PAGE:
June 4, 2021, Mella McEwan, firstname.lastname@example.org, Midland Reporter-Telegram
Induced seismicity – manmade earthquakes – have been rattling the Permian Basin, including 13 around the Midland area during the month of April.
While there are a number of reasons for induced seismicity, the most common is injection of produced water into wells at or near sensitive subsurface formations, said Joshua Adler, founder and chief executive officer of Sourcewater Inc.
Speaking with the Reporter-Telegram by telephone, Adler noted that in the first quarter of 2021, the number of earthquakes at 3.0 magnitude or greater in Texas is already 60 percent of all earthquakes recorded last year. He attributes that in part to increased activity this year. But also, he said, “my sense is the space in the subsurface formation where the water goes is filling up.”
That space is not infinite, he noted, and at a certain point as those sites fill up, pressure rises rapidly in order to maintain the same rate of injection.
“If you keep pushing water, that pore space will break down and cause the water to go where it shouldn’t go or where you didn’t mean for it to go. One place is the nearest fault lines.”Not only could that lubricate the lines and cause them to shift, resulting in an earthquake, but that water could also find its way into producing oil and gas reservoirs nearby, watering out the wells.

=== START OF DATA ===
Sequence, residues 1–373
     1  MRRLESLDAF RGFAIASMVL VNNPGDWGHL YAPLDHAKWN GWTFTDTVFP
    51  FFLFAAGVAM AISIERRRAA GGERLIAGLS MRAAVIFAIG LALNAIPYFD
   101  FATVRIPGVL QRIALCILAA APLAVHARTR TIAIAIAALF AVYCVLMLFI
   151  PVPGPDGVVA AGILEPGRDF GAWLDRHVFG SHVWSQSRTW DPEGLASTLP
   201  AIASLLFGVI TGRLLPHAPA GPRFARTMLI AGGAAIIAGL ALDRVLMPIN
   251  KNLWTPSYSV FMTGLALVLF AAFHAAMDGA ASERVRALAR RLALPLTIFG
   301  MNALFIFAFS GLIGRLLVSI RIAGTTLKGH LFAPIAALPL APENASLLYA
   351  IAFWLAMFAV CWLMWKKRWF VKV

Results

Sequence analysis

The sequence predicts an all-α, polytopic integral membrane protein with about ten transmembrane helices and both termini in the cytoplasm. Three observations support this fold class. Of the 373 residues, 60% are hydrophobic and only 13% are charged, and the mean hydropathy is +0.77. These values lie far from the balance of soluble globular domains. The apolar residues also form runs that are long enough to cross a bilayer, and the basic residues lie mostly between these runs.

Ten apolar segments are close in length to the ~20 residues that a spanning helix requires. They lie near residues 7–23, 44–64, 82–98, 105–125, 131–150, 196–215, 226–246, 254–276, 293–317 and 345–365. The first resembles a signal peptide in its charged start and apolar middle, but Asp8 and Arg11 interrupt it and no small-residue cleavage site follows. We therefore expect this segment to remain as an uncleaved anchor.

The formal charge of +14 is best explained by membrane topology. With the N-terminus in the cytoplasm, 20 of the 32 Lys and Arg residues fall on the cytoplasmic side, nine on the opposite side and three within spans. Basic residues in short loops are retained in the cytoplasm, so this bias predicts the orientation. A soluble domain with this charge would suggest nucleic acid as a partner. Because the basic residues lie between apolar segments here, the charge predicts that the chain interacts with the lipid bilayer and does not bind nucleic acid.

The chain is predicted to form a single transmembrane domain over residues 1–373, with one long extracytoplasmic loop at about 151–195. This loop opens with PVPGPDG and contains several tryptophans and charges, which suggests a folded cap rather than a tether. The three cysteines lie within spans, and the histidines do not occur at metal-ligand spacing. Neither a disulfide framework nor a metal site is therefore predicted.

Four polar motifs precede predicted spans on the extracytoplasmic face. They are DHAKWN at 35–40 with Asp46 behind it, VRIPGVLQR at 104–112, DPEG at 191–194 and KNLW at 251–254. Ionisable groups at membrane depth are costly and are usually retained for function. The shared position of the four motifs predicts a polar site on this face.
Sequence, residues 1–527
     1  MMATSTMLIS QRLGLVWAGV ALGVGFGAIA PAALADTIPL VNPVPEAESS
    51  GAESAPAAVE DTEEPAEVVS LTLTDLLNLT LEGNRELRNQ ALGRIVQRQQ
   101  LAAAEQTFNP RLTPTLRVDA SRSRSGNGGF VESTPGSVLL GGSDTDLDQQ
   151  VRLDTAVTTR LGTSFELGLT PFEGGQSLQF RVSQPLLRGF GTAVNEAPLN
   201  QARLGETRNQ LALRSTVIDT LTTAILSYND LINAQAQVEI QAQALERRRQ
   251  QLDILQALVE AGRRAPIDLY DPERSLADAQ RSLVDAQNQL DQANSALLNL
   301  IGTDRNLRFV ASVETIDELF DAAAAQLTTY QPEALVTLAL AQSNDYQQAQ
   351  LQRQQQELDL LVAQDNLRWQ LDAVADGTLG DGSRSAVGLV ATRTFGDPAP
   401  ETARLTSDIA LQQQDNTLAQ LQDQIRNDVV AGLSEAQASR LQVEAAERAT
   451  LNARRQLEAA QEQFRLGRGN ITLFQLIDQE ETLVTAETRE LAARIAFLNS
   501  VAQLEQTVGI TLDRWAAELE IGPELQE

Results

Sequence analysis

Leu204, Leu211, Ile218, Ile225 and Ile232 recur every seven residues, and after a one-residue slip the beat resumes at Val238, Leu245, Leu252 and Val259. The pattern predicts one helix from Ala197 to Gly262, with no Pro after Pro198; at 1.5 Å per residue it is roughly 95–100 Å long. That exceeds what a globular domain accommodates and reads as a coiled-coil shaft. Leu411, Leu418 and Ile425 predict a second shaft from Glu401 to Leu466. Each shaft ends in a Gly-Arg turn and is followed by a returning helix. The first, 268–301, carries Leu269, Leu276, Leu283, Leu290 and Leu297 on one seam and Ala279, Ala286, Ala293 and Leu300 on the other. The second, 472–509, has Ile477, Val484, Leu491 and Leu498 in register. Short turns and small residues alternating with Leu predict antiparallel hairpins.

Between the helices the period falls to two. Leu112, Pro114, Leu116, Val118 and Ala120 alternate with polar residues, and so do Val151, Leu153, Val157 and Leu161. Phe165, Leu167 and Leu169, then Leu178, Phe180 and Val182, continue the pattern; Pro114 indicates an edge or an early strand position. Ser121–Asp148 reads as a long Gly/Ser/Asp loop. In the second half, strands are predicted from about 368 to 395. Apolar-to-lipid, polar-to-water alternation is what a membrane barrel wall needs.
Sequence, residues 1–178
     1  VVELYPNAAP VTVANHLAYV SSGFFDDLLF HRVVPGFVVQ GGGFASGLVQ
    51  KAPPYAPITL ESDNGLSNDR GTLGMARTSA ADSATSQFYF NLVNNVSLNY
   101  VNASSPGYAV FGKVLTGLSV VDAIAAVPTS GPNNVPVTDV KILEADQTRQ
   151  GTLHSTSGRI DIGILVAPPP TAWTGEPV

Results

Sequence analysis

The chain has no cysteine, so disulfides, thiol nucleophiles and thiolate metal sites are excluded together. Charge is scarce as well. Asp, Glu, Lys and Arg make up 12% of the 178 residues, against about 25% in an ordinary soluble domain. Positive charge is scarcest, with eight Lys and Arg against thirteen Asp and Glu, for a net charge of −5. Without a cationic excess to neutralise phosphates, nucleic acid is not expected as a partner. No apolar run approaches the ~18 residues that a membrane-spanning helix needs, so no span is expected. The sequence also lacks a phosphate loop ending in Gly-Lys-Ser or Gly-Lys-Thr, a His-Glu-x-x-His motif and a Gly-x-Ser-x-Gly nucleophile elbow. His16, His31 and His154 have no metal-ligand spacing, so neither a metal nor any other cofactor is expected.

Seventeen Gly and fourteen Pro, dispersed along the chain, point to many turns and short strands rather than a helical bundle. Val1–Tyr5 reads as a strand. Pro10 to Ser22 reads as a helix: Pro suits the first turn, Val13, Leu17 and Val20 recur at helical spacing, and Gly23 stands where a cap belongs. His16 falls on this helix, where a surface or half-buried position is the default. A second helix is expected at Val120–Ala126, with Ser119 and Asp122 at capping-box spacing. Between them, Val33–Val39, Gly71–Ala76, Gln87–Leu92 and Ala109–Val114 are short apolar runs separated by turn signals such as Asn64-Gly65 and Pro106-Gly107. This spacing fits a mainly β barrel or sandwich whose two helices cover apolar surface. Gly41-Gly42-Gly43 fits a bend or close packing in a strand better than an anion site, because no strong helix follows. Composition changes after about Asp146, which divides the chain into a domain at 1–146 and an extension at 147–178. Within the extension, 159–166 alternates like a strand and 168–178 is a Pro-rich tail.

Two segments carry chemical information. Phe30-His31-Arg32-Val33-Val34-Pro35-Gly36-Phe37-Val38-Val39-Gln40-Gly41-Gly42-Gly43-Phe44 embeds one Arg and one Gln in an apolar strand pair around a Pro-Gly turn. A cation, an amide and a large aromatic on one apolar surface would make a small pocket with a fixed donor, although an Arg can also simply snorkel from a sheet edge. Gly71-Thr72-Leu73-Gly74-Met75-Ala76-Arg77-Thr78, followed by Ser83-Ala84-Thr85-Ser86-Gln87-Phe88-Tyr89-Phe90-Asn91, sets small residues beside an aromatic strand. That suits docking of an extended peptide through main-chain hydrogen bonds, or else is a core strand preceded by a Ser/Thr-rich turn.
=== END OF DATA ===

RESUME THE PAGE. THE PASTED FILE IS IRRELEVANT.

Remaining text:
Sourcewater has built a 3D database of all known geologic fault lines in the Permian Basin – about 2,000 – mapped every 200 feet. The company has also built an analysis of the true depth of every injection well so companies proposing to drill injection wells can not only see where fault lines are but which formations are already filling up.
“If it’s a risky disposal site, shut it down, cut the rate in half or send the water to another third party or dictate which wells that third party can use,” he advised. That information can let operators make better, more-informed decisions.
Another key point from Adler is that there are more than two formations for water disposal.
The focus has been on the San Andres – which has a long history of water disposal and is filling up – and the Ellenburger, which is more expensive and in some areas has high seismicity risk. Just like the Permian has multiple formations to produce oil and natural gas, it has some 47 formations that can take water, Adler said.
“There are a lot of other options,” he said. “You need to know where they are, what the possibilities are and what the risks are. We’re not going to run out of room to put water.” It’s important, Adler concluded, to understand the subsurface in order to know where to put water, not just find oil and natural gas.
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